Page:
France and Germany are good examples of large continental European countries that have extensive publicly funded health insurance programs. France pays for it with a series of taxes on everyone’s wages. Employers pay 13 percent of an employee’s total salary (or 7 percent for wages not exceeding 2.5 times the minimum wage) for health insurance. Employees pay 9.7 percent for “social security” surcharges (in France, this refers to all transfer programs, not just retirement pensions) and debt repayment on up to about 98 percent of their total salaries. So that’s a payroll tax rate of up to 22.7 percent for social services, as economists largely agree that the employer’s share of a payroll tax ultimately falls on the employee in the form of lower wages.
Germany has a similar system. Employees and employers each pay 7.5 percent on the first 53,000 euros of a person’s wages for health insurance, a total of 15 percent. Germans also pay an additional 2 to 3 percent of the same wage base for nursing insurance and can pay up to another 0.9 percent depending on what health insurance company they have (Germany publicly funds privately managed companies). That’s up to 19 percent of average people’s earnings, not the wealthy’s fat paychecks.
And that’s just the start of it. French and German taxpayers are also on the hook for a dizzying array of other items, including general income taxes, taxes to pay for pensions and unemployment insurance and value-added taxes. And let’s not even talk about the gas taxes, which are well above $4 a gallon.
Even Britain and her former colonies levy relatively high taxes on average people to pay for their health insurance plans. Britain pays for its National Health Services through general tax revenues. That includes a 40-percent rate of income taxation on incomes of 50,000 pounds or more (about $65,000) and a 20 percent VAT. Australia levies between a 32.5-percent and 37-percent rate on its middle- and working-class families, plus an extra 2 percent tax solely for health insurance and a 10-percent VAT. New Zealand has the lowest taxes of the bunch, with a rate of “only” 30 percent on all income more than NZ$48,000 — about US$31,000 — and a 15 percent VAT.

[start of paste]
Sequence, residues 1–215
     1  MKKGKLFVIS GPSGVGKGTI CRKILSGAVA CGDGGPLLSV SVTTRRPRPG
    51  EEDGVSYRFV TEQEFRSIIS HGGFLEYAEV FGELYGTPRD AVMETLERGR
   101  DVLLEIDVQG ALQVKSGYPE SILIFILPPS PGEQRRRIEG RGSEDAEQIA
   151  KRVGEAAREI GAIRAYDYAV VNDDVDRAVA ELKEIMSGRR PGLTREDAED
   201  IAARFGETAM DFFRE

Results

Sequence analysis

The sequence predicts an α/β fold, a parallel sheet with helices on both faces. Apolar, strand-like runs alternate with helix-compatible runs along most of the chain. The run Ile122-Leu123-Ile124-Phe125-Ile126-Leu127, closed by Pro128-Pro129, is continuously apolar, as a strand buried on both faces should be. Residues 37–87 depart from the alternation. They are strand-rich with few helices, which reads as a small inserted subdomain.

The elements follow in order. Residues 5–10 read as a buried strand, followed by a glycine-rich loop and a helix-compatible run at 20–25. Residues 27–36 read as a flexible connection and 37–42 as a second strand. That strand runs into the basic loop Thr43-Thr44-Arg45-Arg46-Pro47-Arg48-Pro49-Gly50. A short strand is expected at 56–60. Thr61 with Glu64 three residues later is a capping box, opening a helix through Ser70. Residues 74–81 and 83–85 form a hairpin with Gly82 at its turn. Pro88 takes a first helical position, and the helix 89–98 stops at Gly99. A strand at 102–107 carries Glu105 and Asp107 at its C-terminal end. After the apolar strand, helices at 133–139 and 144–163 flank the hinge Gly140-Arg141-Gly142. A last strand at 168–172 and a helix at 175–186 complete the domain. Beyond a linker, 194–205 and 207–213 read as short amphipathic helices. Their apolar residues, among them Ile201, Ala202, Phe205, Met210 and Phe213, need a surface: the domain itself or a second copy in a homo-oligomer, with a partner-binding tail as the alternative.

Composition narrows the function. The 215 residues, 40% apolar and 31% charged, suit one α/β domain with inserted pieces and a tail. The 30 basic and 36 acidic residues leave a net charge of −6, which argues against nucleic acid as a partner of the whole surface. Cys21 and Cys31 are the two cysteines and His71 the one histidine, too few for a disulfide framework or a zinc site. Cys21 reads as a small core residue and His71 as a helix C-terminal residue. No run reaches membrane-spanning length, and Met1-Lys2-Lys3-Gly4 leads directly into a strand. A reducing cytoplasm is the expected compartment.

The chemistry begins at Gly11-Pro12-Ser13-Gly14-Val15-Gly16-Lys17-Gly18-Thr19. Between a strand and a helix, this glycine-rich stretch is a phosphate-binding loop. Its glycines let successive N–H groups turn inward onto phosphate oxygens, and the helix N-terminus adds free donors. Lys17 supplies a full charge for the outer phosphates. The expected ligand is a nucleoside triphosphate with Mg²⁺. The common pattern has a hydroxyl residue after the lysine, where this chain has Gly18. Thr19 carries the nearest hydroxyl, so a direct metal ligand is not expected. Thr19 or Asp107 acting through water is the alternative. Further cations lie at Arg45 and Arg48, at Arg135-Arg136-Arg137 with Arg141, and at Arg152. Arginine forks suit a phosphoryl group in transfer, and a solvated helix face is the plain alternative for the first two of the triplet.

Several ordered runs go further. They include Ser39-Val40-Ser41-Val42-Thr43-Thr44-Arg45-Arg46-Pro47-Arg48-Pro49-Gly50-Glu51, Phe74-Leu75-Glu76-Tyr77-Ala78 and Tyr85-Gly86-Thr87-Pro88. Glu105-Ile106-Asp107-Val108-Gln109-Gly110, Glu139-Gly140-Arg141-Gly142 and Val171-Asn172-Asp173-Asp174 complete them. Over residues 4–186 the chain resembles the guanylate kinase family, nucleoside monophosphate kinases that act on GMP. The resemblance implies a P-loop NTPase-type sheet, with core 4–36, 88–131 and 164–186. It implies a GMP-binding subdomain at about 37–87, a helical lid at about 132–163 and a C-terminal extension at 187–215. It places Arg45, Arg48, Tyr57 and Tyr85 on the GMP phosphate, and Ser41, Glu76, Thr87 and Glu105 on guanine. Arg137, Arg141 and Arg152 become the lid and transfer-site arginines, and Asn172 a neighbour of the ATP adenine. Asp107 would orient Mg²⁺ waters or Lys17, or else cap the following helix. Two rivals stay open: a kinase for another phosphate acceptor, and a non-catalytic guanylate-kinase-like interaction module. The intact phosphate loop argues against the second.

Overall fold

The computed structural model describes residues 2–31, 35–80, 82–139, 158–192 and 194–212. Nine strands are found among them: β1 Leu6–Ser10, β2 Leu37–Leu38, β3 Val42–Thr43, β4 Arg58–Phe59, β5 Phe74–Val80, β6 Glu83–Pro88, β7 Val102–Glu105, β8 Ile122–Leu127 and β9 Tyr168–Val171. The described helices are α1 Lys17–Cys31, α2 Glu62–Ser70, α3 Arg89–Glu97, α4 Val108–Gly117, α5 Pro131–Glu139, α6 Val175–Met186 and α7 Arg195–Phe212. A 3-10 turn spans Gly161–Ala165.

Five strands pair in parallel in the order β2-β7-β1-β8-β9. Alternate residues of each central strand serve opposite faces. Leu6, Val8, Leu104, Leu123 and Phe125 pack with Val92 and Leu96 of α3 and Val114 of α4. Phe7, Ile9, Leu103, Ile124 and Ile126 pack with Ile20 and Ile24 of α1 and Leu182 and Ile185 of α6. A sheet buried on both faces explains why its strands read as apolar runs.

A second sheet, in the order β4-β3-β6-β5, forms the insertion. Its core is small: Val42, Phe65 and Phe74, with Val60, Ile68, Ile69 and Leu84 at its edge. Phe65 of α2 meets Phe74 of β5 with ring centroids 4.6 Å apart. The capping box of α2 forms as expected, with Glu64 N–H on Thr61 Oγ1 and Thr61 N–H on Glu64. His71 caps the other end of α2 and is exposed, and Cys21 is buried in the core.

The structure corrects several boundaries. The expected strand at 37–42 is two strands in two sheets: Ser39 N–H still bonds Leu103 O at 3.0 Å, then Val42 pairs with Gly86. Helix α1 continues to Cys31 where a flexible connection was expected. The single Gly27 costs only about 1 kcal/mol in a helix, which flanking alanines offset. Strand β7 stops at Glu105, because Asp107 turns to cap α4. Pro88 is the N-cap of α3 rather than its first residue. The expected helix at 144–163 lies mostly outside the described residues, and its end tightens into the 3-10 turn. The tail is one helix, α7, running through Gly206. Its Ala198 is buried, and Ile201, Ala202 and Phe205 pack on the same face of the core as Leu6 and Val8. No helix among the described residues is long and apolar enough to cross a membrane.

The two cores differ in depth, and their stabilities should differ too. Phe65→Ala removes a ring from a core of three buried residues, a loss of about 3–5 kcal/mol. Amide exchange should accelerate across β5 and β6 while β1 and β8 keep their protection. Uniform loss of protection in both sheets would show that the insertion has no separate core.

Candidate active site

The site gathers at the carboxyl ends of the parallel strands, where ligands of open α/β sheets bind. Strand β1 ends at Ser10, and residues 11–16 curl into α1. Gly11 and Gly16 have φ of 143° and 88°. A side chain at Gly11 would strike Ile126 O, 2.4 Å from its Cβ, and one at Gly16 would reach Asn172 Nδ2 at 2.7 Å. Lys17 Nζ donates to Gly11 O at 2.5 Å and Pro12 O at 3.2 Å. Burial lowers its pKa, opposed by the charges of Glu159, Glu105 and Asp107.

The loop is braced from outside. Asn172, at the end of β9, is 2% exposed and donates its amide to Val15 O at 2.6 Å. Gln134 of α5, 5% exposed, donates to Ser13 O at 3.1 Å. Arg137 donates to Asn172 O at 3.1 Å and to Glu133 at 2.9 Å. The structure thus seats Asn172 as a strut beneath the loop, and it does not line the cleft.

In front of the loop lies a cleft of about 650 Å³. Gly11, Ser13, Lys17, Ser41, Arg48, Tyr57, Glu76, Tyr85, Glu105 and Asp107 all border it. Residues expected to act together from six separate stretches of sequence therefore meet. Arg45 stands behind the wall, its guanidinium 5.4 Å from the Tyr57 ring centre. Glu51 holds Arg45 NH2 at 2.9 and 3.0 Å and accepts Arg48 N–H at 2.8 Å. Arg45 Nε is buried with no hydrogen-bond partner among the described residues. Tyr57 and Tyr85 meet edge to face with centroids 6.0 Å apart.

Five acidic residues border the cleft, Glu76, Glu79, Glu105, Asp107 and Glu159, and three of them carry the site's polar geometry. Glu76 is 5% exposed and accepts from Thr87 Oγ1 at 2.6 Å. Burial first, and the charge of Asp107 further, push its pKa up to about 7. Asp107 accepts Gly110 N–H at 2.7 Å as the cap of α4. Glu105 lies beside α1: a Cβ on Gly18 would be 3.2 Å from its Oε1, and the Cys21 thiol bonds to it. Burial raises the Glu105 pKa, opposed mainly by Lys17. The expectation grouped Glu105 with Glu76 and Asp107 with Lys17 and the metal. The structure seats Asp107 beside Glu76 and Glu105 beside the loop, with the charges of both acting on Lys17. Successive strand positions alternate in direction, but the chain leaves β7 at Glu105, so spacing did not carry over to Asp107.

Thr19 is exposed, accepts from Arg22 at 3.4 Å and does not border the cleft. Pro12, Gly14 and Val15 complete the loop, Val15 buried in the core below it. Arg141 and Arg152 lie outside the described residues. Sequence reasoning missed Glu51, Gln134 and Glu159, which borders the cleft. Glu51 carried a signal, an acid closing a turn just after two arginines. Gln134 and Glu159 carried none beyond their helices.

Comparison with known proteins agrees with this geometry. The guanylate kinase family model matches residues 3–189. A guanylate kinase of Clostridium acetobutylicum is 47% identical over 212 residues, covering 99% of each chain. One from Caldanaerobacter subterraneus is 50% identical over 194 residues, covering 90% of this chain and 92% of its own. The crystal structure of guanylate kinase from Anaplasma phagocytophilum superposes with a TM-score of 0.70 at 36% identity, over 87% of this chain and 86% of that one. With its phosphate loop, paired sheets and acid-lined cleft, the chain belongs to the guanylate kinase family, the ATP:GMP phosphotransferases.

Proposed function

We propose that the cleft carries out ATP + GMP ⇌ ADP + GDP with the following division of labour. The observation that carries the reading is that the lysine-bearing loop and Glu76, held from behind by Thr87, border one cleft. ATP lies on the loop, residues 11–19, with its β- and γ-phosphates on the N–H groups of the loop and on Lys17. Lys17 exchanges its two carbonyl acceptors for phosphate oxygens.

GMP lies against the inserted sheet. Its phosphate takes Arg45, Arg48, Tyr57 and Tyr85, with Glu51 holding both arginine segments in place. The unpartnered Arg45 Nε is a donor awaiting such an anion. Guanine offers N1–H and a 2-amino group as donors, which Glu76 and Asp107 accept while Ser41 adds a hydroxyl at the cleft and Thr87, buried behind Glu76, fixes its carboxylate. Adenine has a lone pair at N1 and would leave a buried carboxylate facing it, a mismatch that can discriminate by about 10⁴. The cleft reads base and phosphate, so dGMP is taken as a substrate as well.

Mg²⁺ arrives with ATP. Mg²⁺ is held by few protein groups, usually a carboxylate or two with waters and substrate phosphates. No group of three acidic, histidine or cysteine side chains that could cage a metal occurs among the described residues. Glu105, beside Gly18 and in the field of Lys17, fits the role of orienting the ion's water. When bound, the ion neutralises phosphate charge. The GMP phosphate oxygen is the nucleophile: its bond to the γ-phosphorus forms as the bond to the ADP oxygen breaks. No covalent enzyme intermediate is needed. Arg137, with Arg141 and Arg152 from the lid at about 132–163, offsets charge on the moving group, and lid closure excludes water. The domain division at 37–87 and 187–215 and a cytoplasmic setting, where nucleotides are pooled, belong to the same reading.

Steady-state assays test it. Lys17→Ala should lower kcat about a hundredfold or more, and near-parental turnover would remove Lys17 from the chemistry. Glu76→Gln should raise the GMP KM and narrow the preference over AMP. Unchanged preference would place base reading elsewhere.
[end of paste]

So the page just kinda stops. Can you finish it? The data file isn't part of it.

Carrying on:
Each of these countries allows private-sector health insurance — complete with co-pays and premiums — taking a lot of the burden off of the public sector. The bottom line is that no one anywhere in the world pays for its universal, publicly funded health insurance coverage with taxes that fall only on the rich.
Proponents of single-payer systems in the United States often note that Americans already do pay a “tax” of sorts on health care in the form of premiums. Sen. Bernie Sanders (I-Vt.) has made clear that in his Medicare-for-all proposal such payments would be converted into a tax, but Warren refuses to acknowledge it. Instead, she dodges that problem by alleging that overall costs will fall.
That’s a red herring. It is true that other countries pay a smaller share of their GDP’s for health care, but that is in part because their citizens get less from their health care. Elective surgeries such as knee replacements, for example, can take months to occur unless the lucky injured person has a private policy. Some countries regulate who can get expensive drugs, which is one reason why many analyses show that United States fares better in long-term survival rates for some common cancers.
This also does not account for the dramatic hit to low-skilled, largely female employment that would likely occur under Warren’s plans. Think about who checks you in at a doctor’s office or hospital; they are nearly uniformly women. In fact, 75 percent of workers in entry-level health-care positions are women, with slightly higher shares in doctor’s offices and hospitals. But Warren’s plan would do away with much of the administrative work in health care, meaning those low-skilled workers — in addition to workers in the health-care insurance industry — will feel the squeeze considerably. Many will lose their jobs.
Contrary to what many conservatives say, publicly funded health-care systems in other countries work reasonably well. But contrary to what Warren says, they are paid for largely by the patients they treat. Regardless of what candidates believe on health care, they should at least be honest about what it means for voters’ bottom lines.